A Weblog monitoring coverage of environmental issues and science in the UK media. By Professor Emeritus Philip Stott. The aim is to assess whether a subject is being fairly covered by press, radio, and television. Above all, the Weblog will focus on science, but not just on poor science. It will also bring to public notice good science that is being ignored because it may be politically inconvenient.

Friday, November 07, 2003

And there were serpents in the organic Garden.....

This week the media have become typically over-excited about the sales of 'organic' food - it really is the chattering classes at their most 'gushing'. And that is not my word. For once, the Guardian's John Vidal and Stott the Stag are not entirely locking antlers. In a much more balanced piece than usual, 'Chinks in the organic food chain' (The Guardian, November 7), John writes: "To put the Soil Association's gushing statistics in perspective, that £1bn is only about 2% of the British food market - just 5% of Tesco's annual turnover. Despite a decade of intense promotion by powerful non-government, grassroots groups and supermarkets, the annual market for organic food is still worth less than what the British spend on burgers or fish and chips." (I knew there was something fishy- that's why cod's off! It's codology and conspiracy all round. Caught, hook, line and sinker.)

Moreover, growth in organics last year was down, and the shopper base remains dangerously small and somewhat precious, with only 8% buying over 60% of the organic food on sale. John's article goes on to analyse the commercial serpents coiling to strike in the Garden, and it would have been an excellent comment if only John could have resisted the inevitable side swipes at Sir John Krebs, the admirable Head of the Food Standards Agency (FSA) (who refuses to compromise on the science), and at GM crops.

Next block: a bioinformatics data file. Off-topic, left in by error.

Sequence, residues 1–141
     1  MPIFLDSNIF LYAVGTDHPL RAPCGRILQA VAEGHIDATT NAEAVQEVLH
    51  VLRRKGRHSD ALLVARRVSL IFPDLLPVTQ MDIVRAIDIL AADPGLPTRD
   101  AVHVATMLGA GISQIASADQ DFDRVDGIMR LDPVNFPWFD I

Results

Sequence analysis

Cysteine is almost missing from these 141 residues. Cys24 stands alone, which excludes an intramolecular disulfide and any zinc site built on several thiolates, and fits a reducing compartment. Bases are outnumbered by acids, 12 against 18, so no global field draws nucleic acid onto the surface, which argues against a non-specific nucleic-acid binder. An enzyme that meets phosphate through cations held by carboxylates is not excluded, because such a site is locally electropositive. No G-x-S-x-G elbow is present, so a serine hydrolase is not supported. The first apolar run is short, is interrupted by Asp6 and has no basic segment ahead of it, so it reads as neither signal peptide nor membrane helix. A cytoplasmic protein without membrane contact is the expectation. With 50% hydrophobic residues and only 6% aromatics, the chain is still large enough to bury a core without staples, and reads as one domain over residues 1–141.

Most interestingly, today's 'Business Section' in The Guardian carries a timely reminder, 'BFG puts organic disaster behind it', of how the 'organic' ideal nearly did for the supermarket chain, Iceland, which attempted, and I quote, "to convert the nation to organic food". The company, now renamed the Big Food Group (BFG), I am pleased to note, is showing signs of recovery having gone back to its roots of specializing in frozen foods. The chief executive, Bill Grimsey, is reported as saying that, "Every week we are championing the British housewife - who is striving to put together a meal for a family of four on a tight budget."

And that, of course, is a most crucial point. When you hear Radio 4 (e.g. the Food Programme) and other largely middle-class broadcasting outlets lauding the 'organic' option, always remember that, in reality, this constitutes only 2% of the British food market at prices which only around 8% of the populace can afford on a daily basis.

In the Garden, it seems that 'organic' agriculture is a pretty expensive fig leaf.

Morning coffee - or should I open that natural, organic, herbal, fresh-as-a-spring-meadow, morning tea nicely wrapped up in cellophane? What do you think? Philip that Old Curmudgeon.

[New counter, June 19, 2006, with loss of some data]

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